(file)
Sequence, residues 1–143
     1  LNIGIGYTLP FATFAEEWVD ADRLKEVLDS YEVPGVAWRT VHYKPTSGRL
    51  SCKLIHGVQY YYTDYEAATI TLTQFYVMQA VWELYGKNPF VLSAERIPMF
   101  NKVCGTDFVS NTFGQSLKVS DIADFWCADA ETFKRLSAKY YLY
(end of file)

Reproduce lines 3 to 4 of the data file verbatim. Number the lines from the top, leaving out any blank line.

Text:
    51  SCKLIHGVQY YYTDYEAATI TLTQFYVMQA VWELYGKNPF VLSAERIPMF
   101  NKVCGTDFVS NTFGQSLKVS DIADFWCADA ETFKRLSAKY YLY